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Mike Hanlon

Mike Hanlon

Mike grew up thinking he would become a mathematician, accidentally started motorcycle racing, got a job writing road tests for a motorcycle magazine while at university, and became a writer. As a travelling photojournalist during his early career, his work was published in a dozen languages across 20+ countries. He went on to edit or manage over 50 print publications, with target audiences ranging from pensioners to plumbers, many different sports, many car and motorcycle magazines, with many more in the fields of communication - narrow subject magazines on topics such as advertising, marketing, visual communications, design, presentation and direct marketing. Then came the internet and Mike managed internet projects for Australia's largest multimedia company, Telstra.com.au (Australia's largest Telco), Seek.com.au (Australia's largest employment site), top100.com.au, hitwise.com, and a dozen other internet start-ups before founding Gizmag in 2002. Now he writes and thinks.

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The world's first underwater nightclub

Of all the places you might meet a significant other, underwater is probably the last place that springs to mind. Hence, I guess, the novelty of an underwater nightclub. Created as a viral campaign for TechnoMarine Underwater watches, the unique nightclub "launch" was filmed at a military training facility with navy divers and the set was built 14 feet (4 m) underwater. The breathing helmets are from the commercially-available Sea Trek system, so perhaps it's not all that implausible after all. Read More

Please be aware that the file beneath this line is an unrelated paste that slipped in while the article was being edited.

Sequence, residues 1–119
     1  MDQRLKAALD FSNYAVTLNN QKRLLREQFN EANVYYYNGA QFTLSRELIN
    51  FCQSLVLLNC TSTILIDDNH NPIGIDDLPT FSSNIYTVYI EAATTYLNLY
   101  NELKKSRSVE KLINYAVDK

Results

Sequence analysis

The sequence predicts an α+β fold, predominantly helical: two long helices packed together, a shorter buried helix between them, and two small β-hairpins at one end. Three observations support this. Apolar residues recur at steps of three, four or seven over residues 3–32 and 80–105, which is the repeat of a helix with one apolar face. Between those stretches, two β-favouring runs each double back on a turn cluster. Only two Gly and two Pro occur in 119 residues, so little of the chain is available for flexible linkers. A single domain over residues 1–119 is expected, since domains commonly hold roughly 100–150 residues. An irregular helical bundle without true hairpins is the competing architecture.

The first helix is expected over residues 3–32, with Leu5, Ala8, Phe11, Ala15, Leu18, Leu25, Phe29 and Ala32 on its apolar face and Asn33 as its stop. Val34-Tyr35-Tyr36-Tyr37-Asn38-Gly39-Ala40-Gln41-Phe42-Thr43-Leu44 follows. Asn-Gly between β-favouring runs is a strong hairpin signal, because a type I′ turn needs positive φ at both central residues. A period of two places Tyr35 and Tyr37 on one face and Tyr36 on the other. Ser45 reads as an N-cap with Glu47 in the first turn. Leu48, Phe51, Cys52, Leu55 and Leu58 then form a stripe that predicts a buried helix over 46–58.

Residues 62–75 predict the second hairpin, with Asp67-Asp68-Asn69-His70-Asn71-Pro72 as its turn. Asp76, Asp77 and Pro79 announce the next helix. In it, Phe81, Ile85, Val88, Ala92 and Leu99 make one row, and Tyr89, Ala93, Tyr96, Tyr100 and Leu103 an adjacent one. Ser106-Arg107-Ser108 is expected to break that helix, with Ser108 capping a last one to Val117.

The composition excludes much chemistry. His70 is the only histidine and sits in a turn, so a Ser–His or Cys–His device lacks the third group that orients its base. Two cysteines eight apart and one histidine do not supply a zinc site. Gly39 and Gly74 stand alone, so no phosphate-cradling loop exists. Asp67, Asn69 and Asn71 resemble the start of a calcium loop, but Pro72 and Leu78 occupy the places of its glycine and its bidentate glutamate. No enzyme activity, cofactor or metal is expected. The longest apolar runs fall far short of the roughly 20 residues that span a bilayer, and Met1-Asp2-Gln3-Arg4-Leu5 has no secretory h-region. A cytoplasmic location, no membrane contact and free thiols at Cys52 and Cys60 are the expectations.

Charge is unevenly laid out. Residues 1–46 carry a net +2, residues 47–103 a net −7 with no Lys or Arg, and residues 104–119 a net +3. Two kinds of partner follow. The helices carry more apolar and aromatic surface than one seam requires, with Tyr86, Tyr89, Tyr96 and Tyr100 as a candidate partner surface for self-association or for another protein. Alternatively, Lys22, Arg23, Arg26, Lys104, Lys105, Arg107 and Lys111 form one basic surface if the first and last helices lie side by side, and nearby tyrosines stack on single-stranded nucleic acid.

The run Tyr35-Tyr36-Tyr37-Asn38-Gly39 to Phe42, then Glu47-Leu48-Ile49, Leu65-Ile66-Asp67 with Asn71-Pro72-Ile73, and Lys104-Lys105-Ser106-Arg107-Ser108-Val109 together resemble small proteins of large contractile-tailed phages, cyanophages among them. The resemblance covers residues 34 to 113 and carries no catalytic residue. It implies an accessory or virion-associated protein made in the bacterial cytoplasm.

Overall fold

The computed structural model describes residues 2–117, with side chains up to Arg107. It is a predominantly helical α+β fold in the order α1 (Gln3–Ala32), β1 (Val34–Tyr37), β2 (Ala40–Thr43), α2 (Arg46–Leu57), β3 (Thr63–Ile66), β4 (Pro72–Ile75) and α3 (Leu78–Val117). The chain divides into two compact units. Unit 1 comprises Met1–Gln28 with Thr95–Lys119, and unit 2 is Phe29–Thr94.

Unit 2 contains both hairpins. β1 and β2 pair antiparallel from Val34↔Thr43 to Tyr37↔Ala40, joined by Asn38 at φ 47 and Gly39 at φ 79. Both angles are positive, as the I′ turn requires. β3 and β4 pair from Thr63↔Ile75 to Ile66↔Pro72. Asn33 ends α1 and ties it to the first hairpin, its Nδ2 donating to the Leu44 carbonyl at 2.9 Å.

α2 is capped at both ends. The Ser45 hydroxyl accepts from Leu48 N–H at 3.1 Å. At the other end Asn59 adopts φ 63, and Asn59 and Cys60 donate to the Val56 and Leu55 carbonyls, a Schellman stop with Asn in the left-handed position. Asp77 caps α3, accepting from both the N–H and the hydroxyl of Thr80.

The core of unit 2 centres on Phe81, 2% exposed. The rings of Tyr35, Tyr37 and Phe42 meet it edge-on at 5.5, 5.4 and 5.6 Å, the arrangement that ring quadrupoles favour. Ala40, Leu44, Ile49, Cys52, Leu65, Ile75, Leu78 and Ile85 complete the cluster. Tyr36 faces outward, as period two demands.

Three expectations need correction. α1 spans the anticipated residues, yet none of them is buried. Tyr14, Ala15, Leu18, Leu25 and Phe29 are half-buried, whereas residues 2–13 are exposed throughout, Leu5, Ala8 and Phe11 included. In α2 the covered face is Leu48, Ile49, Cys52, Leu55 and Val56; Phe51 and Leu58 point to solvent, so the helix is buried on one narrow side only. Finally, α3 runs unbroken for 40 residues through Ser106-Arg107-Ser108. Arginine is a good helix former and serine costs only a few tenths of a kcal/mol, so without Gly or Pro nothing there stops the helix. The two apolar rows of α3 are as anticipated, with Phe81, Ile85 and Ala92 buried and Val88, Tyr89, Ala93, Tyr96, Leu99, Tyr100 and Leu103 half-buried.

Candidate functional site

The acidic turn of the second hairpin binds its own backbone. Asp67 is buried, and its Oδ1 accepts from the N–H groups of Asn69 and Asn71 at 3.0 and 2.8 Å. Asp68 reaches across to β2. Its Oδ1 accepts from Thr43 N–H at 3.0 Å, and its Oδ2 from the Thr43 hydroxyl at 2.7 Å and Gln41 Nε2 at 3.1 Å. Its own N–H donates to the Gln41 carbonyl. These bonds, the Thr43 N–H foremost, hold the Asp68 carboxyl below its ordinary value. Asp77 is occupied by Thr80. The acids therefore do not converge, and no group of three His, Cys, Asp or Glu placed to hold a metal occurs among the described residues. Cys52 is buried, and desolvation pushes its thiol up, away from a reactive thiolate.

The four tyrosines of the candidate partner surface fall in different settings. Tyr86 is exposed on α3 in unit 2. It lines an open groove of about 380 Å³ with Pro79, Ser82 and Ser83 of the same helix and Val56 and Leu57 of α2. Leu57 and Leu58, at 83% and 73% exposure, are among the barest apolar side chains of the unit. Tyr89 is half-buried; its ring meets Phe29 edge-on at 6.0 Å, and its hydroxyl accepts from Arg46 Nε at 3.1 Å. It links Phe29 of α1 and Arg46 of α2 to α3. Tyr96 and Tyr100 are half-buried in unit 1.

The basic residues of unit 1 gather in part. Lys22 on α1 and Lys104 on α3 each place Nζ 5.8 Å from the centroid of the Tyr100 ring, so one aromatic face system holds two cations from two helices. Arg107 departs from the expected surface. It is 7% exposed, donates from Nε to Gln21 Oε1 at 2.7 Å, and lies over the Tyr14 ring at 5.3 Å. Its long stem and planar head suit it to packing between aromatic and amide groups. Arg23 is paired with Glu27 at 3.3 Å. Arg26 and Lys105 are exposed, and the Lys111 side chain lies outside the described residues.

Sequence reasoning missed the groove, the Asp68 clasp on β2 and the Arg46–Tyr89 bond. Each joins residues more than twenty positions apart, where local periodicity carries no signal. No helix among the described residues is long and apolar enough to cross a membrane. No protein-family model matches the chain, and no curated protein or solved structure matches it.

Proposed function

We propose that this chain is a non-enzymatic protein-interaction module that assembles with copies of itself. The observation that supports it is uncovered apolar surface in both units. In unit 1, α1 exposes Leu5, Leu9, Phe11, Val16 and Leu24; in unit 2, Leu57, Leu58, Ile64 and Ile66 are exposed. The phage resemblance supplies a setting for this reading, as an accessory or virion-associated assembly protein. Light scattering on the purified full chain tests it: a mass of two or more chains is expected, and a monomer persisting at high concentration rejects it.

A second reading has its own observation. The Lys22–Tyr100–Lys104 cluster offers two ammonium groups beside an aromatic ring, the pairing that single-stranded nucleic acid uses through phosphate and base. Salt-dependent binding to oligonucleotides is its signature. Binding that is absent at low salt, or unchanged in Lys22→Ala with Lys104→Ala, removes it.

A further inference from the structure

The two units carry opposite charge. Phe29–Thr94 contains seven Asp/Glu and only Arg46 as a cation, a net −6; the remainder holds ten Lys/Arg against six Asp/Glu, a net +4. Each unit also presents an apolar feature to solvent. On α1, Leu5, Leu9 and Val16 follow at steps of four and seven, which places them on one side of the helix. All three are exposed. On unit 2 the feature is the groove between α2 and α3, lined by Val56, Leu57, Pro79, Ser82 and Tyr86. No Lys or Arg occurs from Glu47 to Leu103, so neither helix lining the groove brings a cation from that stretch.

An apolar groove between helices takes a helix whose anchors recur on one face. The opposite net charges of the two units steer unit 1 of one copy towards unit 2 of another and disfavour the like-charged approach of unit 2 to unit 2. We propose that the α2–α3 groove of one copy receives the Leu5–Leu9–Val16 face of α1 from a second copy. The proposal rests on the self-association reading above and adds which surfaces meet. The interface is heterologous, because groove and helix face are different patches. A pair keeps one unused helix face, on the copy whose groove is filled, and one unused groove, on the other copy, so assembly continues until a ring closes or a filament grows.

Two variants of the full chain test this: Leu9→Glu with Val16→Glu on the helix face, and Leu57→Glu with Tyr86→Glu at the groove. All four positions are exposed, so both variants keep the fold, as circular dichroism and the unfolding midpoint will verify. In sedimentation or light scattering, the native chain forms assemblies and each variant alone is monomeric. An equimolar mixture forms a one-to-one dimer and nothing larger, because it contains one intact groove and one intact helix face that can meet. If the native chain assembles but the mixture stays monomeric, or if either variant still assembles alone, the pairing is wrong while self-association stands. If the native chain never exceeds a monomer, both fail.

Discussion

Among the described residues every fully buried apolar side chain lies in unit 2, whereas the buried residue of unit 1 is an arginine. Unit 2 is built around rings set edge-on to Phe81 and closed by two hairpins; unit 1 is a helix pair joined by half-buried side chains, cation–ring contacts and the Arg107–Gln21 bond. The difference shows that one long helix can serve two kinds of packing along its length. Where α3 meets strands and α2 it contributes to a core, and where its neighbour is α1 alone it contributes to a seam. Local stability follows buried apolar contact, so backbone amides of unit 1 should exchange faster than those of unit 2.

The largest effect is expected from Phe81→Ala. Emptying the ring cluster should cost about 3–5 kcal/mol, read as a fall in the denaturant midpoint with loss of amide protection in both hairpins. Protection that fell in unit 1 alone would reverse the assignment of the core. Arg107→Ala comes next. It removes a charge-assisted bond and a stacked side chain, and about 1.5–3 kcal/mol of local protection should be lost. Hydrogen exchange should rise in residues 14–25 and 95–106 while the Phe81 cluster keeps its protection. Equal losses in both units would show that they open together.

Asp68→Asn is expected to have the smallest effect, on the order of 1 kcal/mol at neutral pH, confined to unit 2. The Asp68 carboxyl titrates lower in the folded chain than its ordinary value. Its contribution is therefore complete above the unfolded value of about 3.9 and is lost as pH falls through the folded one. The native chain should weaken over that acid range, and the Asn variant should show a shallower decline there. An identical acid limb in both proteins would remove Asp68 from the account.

— Marine Feature

The Jetovator flying water bike adds momentum to the "firehose" market

The propagation of new thought in any global arena doesn't take long these days and with rapid development teams capable of building and testing prototypes in just a few months, entire markets can seemingly spring from nowhere. In 2009, JetLev showed its US$100,000 Jetlev (top left). Within months of production starting, French PWC legend Franky Zapata recognized that most of the hardware required for such a device was already contained in a PWC and created the Flyboard (top right) - a US$7500 accessory that attaches to any existing PWC with 150 plus horsepower. Now the people who brought you the Sea Breacher (bottom left) have completed a long-standing project to build the Jetovator (bottom right), a jet bike with a motorcycle seating position and controls. Three competitors makes a market - and all inside three short years. Read More
— Motorcycles

Honda bursts onto the electric motorcycle racing scene at IOM but Segway MotoCzysz prevails

By - June 6, 2012 46 Pictures
Electric motorcycle racing became a lot more interesting today when the TT Zero race at the Isle of Man was run and the top three riders all finished at average speeds of more than 100 mph. The win went to the Segway MotoCzysz team with Michael Rutter producing a lap of 104.56 mph but the extra strong showing of a 102.215 mph lap on the Mugen (Honda) ridden by John McGuinness indicates the electric bike racing scene is going to be very competitive in the near future. Read More
— Marine Feature

Orsos Island - the smallest personal floating island yet in a fast growing market